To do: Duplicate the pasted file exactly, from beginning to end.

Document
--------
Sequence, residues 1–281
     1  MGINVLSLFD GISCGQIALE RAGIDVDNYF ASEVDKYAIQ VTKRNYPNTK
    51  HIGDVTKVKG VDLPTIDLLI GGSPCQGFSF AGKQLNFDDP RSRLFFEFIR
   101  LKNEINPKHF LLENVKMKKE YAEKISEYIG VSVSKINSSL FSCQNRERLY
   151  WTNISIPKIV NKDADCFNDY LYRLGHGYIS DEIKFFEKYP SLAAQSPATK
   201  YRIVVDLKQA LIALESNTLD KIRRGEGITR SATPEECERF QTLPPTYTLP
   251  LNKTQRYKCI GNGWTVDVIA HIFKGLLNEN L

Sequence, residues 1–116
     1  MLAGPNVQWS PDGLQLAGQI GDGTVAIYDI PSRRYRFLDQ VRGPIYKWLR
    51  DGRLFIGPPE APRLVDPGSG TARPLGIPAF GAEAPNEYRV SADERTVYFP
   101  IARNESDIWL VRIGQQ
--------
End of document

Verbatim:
Sequence, residues 1–281
     1  MGINVLSLFD GISCGQIALE RAGIDVDNYF ASEVDKYAIQ VTKRNYPNTK
    51  HIGDVTKVKG VDLPTIDLLI GGSPCQGFSF AGKQLNFDDP RSRLFFEFIR
   101  LKNEINPKHF LLENVKMKKE YAEKISEYIG VSVSKINSSL FSCQNRERLY
   151  WTNISIPKIV NKDADCFNDY LYRLGHGYIS DEIKFFEKYP SLAAQSPATK
   201  YRIVVDLKQA LIALESNTLD KIRRGEGITR SATPEECERF QTLPPTYTLP
   251  LNKTQRYKCI GNGWTVDVIA HIFKGLLNEN L

Sequence, residues 1–116
     1  MLAGPNVQWS PDGLQLAGQI GDGTVAIYDI PSRRYRFLDQ VRGPIYKWLR
    51  DGRLFIGPPE APRLVDPGSG TARPLGIPAF GAEAPNEYRV SADERTVYFP
   101  IARNESDIWL VRIGQQ